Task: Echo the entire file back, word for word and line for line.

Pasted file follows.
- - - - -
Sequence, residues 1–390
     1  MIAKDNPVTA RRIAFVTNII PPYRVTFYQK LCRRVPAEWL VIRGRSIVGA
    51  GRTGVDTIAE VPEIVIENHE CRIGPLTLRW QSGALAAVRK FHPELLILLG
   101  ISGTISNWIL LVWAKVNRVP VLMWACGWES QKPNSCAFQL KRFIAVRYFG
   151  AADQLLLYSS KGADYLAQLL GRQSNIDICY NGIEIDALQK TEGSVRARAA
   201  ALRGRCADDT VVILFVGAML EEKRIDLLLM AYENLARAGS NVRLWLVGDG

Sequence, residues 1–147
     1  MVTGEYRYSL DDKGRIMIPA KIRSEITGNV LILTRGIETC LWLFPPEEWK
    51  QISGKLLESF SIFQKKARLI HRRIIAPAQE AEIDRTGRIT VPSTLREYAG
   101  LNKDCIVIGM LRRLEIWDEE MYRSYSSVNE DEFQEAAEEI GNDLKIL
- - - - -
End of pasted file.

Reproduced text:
Sequence, residues 1–390
     1  MIAKDNPVTA RRIAFVTNII PPYRVTFYQK LCRRVPAEWL VIRGRSIVGA
    51  GRTGVDTIAE VPEIVIENHE CRIGPLTLRW QSGALAAVRK FHPELLILLG
   101  ISGTISNWIL LVWAKVNRVP VLMWACGWES QKPNSCAFQL KRFIAVRYFG
   151  AADQLLLYSS KGADYLAQLL GRQSNIDICY NGIEIDALQK TEGSVRARAA
   201  ALRGRCADDT VVILFVGAML EEKRIDLLLM AYENLARAGS NVRLWLVGDG

Sequence, residues 1–147
     1  MVTGEYRYSL DDKGRIMIPA KIRSEITGNV LILTRGIETC LWLFPPEEWK
    51  QISGKLLESF SIFQKKARLI HRRIIAPAQE AEIDRTGRIT VPSTLREYAG
   101  LNKDCIVIGM LRRLEIWDEE MYRSYSSVNE DEFQEAAEEI GNDLKIL